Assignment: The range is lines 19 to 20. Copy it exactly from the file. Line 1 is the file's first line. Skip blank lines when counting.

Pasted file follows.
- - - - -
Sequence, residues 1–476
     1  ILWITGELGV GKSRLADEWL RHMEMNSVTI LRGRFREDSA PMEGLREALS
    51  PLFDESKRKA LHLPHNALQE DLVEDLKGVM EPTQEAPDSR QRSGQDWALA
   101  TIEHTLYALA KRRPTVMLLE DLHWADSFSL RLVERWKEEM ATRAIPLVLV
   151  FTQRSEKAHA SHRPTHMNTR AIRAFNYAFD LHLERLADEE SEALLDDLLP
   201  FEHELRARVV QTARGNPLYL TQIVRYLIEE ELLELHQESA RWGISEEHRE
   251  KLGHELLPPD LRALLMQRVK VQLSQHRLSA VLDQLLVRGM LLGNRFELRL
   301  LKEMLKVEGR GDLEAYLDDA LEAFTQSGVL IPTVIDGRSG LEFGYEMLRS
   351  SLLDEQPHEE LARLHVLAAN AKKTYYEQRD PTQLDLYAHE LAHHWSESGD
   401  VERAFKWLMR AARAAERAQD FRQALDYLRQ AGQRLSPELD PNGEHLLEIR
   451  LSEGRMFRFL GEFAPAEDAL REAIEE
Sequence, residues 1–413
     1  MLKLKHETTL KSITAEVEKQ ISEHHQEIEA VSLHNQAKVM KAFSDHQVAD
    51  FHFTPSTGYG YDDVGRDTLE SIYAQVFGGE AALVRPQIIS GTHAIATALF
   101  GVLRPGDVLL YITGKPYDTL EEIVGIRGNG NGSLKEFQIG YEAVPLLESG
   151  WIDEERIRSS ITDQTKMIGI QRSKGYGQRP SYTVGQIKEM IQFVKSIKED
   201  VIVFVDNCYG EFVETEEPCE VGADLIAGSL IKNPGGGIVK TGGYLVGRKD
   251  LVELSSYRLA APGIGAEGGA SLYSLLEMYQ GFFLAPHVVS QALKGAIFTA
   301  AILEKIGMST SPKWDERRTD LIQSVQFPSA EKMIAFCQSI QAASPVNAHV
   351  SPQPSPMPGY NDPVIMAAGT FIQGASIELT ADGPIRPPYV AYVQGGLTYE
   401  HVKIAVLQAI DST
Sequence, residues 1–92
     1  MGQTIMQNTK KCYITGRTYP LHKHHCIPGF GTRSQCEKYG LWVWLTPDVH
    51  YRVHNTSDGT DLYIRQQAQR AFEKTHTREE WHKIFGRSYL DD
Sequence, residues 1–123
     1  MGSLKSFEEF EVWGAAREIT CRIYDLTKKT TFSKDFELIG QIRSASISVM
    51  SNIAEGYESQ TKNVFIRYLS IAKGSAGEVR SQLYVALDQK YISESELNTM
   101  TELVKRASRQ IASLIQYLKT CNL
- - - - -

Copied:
   301  AILEKIGMST SPKWDERRTD LIQSVQFPSA EKMIAFCQSI QAASPVNAHV
   351  SPQPSPMPGY NDPVIMAAGT FIQGASIELT ADGPIRPPYV AYVQGGLTYE